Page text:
kd> dt _kidtentry64 (idtr + (0xa0*0x10))
   +0x000 OffsetLow        : 0xe700
   +0x002 Selector         : 0x10
   +0x004 IstIndex         : 0y000
   +0x004 Reserved0        : 0y00000 (0)
   +0x004 Type             : 0y01110 (0xe)
   +0x004 Dpl              : 0y00
   +0x004 Present          : 0y1
   +0x006 OffsetMiddle     : 0x5156
   +0x008 OffsetHigh       : 0xfffff803
   +0x00c Reserved1        : 0
   +0x000 Alignment        : 0x51568e00`0010e700

ISR for the Keyboard Interrupt a0

Based on the above IDT entry for the keyboard interrupt, the below re-enforces that the combination of Offset(High|Middle|Low) form the virtual address of the Interrupt Service Routine (ISR) entry point - the code that will be executed when a0 interrupt is triggered by the keyboard:

Below shows the instructions at fffff803`5156e700 (ISR entry point) to be executed by the CPU once interrupt a0 is triggered:

  • FFFFFFFFFFFFFFA0 will be pushed on the stack

  • jump to fffff803`5156ea40 will happen

...and eventually, the i8042prt!I8042KeyboardInterruptService will be hit and below confirms it - firstly, the breakpoint is hit for fffff803`5156e700 and i8042prt!I8042KeyboardInterruptService is hit immediately after:


_KINTERRUPT is a kernel memory structure that holds information about an interrupt. The key member of this structure for this lab is the member located at offset 0x18 - it's a pointer to the ServiceRoutine - the routine (inside the associated driver) that is responsible for actually handling the interrupt:

   +0x000 Type             : Int2B
   +0x002 Size             : Int2B
   +0x008 InterruptListEntry : _LIST_ENTRY
   +0x018 ServiceRoutine   : Ptr64     unsigned char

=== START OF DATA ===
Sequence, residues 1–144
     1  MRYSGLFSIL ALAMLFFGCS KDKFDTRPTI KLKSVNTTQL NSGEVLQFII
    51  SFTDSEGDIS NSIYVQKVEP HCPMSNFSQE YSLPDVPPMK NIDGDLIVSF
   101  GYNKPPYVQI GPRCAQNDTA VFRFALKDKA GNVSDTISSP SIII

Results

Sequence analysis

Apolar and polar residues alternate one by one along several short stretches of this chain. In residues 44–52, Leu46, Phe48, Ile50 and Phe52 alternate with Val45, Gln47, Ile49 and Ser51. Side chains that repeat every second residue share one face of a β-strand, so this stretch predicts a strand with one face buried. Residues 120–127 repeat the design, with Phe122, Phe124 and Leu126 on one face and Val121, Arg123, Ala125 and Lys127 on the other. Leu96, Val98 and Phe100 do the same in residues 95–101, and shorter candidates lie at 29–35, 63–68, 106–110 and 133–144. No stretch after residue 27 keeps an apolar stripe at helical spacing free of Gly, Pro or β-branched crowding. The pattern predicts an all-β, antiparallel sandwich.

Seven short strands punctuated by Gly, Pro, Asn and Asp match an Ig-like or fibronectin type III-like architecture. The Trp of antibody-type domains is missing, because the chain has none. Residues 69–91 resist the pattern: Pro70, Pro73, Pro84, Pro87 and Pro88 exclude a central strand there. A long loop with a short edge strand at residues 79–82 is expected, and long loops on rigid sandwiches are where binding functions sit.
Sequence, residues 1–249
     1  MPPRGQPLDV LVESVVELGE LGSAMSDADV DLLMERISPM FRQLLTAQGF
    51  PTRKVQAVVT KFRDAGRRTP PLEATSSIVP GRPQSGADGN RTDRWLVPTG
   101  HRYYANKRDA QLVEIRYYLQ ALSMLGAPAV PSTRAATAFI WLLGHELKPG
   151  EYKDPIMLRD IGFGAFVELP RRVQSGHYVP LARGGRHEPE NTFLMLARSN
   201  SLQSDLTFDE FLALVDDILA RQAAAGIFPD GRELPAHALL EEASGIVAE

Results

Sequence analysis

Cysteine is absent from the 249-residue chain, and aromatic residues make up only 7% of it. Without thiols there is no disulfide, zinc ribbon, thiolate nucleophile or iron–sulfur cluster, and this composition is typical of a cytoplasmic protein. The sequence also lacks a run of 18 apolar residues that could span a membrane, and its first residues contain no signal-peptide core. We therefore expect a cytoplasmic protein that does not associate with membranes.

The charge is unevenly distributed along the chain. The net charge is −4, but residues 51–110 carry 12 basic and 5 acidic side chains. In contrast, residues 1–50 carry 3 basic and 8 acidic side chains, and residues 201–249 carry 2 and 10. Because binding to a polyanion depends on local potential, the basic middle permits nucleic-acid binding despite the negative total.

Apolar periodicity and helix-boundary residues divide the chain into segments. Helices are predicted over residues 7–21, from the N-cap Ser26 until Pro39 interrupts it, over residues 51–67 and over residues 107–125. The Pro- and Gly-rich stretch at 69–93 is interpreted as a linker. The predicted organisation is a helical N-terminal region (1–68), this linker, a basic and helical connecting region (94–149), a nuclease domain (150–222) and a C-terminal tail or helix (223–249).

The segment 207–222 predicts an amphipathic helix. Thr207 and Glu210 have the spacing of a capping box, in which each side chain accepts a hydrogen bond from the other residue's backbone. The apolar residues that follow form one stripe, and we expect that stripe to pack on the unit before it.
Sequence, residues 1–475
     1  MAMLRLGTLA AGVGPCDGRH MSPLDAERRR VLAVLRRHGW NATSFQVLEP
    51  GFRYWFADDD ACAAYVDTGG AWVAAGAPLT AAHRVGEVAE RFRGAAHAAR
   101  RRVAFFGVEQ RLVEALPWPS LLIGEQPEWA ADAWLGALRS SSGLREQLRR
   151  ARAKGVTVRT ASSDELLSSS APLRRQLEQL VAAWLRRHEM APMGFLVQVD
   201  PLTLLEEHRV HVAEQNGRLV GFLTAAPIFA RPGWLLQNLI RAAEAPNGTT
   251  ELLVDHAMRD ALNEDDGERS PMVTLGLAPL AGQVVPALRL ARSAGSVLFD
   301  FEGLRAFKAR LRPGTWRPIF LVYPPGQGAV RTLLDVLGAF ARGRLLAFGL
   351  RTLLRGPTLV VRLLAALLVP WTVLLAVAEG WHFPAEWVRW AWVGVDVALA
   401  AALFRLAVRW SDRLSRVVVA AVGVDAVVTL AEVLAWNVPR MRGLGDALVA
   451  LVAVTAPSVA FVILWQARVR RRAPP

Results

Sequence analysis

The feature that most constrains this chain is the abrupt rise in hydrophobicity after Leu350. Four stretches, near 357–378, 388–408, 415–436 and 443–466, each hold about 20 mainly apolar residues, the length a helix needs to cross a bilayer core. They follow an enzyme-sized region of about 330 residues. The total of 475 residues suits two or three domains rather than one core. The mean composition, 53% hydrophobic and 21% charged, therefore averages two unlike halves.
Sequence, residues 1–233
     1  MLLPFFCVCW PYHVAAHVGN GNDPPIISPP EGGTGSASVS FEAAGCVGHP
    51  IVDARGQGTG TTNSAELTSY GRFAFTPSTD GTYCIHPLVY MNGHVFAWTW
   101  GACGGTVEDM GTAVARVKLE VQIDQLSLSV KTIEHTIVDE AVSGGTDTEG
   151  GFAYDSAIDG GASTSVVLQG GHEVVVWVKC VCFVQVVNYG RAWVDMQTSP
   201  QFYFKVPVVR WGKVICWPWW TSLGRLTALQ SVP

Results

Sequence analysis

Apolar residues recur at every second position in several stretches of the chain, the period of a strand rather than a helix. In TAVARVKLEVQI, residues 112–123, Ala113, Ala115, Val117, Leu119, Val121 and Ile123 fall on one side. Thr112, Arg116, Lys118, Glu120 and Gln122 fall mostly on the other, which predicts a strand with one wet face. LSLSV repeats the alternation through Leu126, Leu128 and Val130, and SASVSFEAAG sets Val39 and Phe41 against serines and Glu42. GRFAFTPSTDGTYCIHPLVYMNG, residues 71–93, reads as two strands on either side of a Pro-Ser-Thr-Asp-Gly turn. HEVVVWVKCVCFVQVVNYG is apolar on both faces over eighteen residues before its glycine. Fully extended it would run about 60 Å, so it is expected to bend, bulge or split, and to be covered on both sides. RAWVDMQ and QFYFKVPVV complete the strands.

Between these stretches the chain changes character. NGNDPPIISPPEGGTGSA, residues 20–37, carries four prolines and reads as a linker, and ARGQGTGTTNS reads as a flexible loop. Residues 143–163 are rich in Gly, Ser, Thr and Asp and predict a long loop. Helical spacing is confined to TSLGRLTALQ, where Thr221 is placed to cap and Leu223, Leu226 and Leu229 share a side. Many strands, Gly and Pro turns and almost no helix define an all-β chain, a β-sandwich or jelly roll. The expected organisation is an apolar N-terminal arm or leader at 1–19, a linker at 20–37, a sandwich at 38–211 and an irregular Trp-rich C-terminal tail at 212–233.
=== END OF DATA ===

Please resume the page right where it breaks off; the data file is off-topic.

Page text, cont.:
+0x0f8 Padding          : [8] UChar

As an example - from earlier, we know that the ISR for keyboard interrupts is located at ffffd4816353ea00, therefore we can inspect the _KINTERRUPT structure of that our interrupt by overlaying it with memory contents at ffffd4816353ea00:

dt nt!_KINTERRUPT ffffd4816353ea00

This allows us to confirm that the ServiceRoutine is again pointing correctly to i8042prt!I8042KeyboardInterruptService inside the keyboard driver:


In order to manually find the location of _KINTERRUPT for a given interrupt, we need to leverage the following memory locations and structures.

Process Control Region or PCR (_KPCR memory structure in kernel) stores information about a given processor:

kd> dt _KPCR
   +0x000 NtTib            : _NT_TIB
   +0x000 GdtBase          : Ptr64 _KGDTENTRY64
   +0x008 TssBase          : Ptr64 _KTSS64
   +0x010 UserRsp          : Uint8B
   +0x018 Self             : Ptr64 _KPCR
   +0x020 CurrentPrcb      : Ptr64 _KPRCB
   +0x028 LockArray        : Ptr64 _KSPIN_LOCK_QUEUE
   +0x030 Used_Self        : Ptr64 Void
   +0x038 IdtBase          : Ptr64 _KIDTENTRY64
   +0x040 Unused           : [2] Uint8B
   +0x050 Irql             : UChar
   +0x051 SecondLevelCacheAssociativity : UChar
   +0x052 ObsoleteNumber   : UChar
   +0x053 Fill0            : UChar
   +0x054 Unused0          : [3] Uint4B
   +0x060 MajorVersion     : Uint2B
   +0x062 MinorVersion     : Uint2B
   +0x064 StallScaleFactor : Uint4B
   +0x068 Unused1          : [3] Ptr64 Void
   +0x080 KernelReserved   : [15] Uint4B
   +0x0bc SecondLevelCacheSize : Uint4B
   +0x0c0 HalReserved      : [16] Uint4B
   +0x100 Unused2          : Uint4B
   +0x108 KdVersionBlock   : Ptr64 Void
   +0x110 Unused3          : Ptr64 Void
   +0x118 PcrAlign1        : [24] Uint4B
   +0x180 Prcb             : _KPRCB

_KPCR location can be found like this:

kd> ? @$pcr
Evaluate expression: -8781847822336 = fffff803`51148000

kd> !pcr
KPCR for Processor 0 at fffff80351148000:
    Major 1 Minor 1
	NtTib.ExceptionList: fffff803536dffb0
	    NtTib.StackBase: fffff803536de000
	   NtTib.StackLimit: 0000000000000000

Inside the _KPCR, at offset 0x180 there is a member that points to a Process Control Block memory structure _KPRCB which contains information about the state of a processor.

The key member we're interested when trying to find the _KINTERRUPT memory location for a given interrupt is InterruptObject as it contains a list of pointers to a list of _KINTERRUPT objects. InterrupObject is located at offset 0x2e80 as shown below:

kd> dt _KPRCB
   +0x000 MxCsr            : Uint4B
   +0x004 LegacyNumber     : UChar
   +0x005 ReservedMustBeZero : UChar
   +0x2e80 InterruptObject  : [256] Ptr64 Void //256 pointers max as noted earlier

With the above knowledge, we can now find the _KINTERRUPT location for the keyboard interrupt a0:

dt @$pcr nt!_KPCR Prcb.InterruptObject[a0]

Below confirms that the _KINTERRUPT for the interrupt a0 we found manually matches that given by the !idt command: